PHILIPSBURG:--- The K1 Britannia Foundation and the Court of Guardianship have recently signed an agreement to continue working together for the next 5 years to help vulnerable youths in St. Maarten.
The agreement was signed by Ms. Priya Thirumur, co-founder of K1 Britannia Foundation and Mrs. Richelda Rodriguez-Emmanuel, Director of Court of Guardianship and witnessed by Ms. Cynthia van Samson-Filemon, Acting Director of Foundation Judicial Institutes St. Maarten (SJIS).
Both parties will continue to cooperate in projects that focus both on children under protective custody and young offenders.
“This is one of the most vulnerable groups of youth on the island. As well as the target group that greatly affects the future of crime on the island” stated Ms. Thirumur.
Projects will include the mentorship program, where K1 encourages persons in the community to become mentors to foster children and young offenders as a way for them to heal and become productive members of society.
Mrs. Rodriguez-Emmanuel elaborated on the focus group “Children who have been physically abused learn that physical abuse is okay, hitting someone is okay because that’s the way to express to them that you don’t like something. Children who have been neglected in the sense that their basic needs are not met — you see a lot of times that these children think it is okay to take things from other people.”
The mentors from K1 Britannia Foundation play a vital role in helping them heal and make the right choices and grow and develop as human beings. Mrs. Emmanuel–Rodriquez continued “It is important to try to teach them new behaviors and that they know there are other options and that you give them other options.”
The ongoing pilot K1 Britannia Work, Training and Social Development (WTSD) Program for foster teenagers and teenagers under probationary measures between the ages of 16 and 18 falls under the scope of this agreement and is much needed.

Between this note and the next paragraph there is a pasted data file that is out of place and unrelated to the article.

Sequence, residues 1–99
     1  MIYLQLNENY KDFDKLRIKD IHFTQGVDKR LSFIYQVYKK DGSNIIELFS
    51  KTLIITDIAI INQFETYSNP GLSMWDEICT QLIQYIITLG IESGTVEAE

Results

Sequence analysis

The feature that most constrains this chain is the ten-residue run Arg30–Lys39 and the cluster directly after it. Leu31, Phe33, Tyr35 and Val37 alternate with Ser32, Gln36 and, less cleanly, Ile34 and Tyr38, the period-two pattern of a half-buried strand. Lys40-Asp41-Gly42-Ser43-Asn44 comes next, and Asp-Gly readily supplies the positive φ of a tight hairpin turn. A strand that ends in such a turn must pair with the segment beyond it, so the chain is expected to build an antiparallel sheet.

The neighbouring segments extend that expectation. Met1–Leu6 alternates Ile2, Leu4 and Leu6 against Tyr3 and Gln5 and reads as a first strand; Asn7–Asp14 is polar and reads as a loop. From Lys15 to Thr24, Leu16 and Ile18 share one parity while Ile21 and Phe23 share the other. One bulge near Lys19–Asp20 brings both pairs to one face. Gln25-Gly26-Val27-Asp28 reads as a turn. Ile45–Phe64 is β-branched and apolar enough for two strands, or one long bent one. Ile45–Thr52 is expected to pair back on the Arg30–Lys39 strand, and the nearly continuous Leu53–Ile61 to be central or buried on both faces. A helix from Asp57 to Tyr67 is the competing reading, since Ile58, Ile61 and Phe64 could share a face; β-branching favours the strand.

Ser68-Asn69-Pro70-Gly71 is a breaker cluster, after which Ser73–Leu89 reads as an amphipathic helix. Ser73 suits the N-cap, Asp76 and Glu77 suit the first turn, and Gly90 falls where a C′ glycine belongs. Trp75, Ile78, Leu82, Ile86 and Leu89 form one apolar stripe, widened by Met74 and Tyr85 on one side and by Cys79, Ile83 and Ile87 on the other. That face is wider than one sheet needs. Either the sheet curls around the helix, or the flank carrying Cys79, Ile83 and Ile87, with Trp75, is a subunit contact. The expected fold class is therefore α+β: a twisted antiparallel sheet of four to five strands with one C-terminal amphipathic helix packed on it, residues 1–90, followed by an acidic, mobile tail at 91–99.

K1 Britannia also partners with the business community for its Second Chance and Maritime Programs which are geared towards young offenders and foster teenagers, giving them employment opportunities, job training, and apprenticeships in various fields with a focus in the maritime field. “Giving these youth — regardless of their background — the resources, education, and opportunities as teenagers is critical for their development and success later on. Many youth with a criminal record are given no options other than to remain in crime. Without giving these youths a second chance, is it any wonder that the crime rate is increasing in St Maarten, especially amongst teenagers?” said Ms. Thirumur.
Mrs. Rodriguez-Emmanuel emphasized the need for programs such as the WTSD, Second Chance and Maritime Programs saying “It starts with the need to get an opportunity to finalize their education even if its’ a training that is specifically towards carpentry or a hands on training. And then we have the situation of employers wanting to give them an opportunity to work in their environment at least to see the kind of work that can be done and they can get experience and find out what it is that they like.”
Mrs. Rodriguez -Emmanuel continued “The fact that they have persons wanting and wiling to mentor them and guide them through the process not only helps the minor but the employer because then they have the feeling that they’re not just getting a vulnerable youth but they’re getting a vulnerable youth with someone or an organization willing to give them a second chance and the guidance, so it's not just the employer that has to put all the work into it which makes a big difference.”
All of the programs have the same end goal; giving these youth the healing, love, guidance, tools, resources, education, opportunities and confidence needed in this critical time in their development to overcome the challenges that they’ve been through and become a productive part of St Maarten’s future. All the programs are geared towards long term change which not only changes the trajectory of each youth’s life but also the lives they will change and impact because of these programs.
Ms. Thirumur elaborated on the fact that long term change is what is needed for these youth stating “One of the major problems I believe that exists in St Maarten is the crisis management mentality, where people’s primary focus is on putting a band aid on problems rather than focusing on long-term solutions. What can we do today to solve the problems for the next 5 to 10 years, or even permanently? K1 Britannia Foundation has decided this year that our primary focus is going to be on long-term programs that can help bring long-term solutions to the target groups that we’re involved with helping. We all need to think about the future for youth in St Maarten, and work together to bring concrete sustainable change.”
The K1 Britannia Foundation looks forward to the next 5 years of continued partnership with the Court of Guardianship, as we look to protect and help our vulnerable youth for a better future.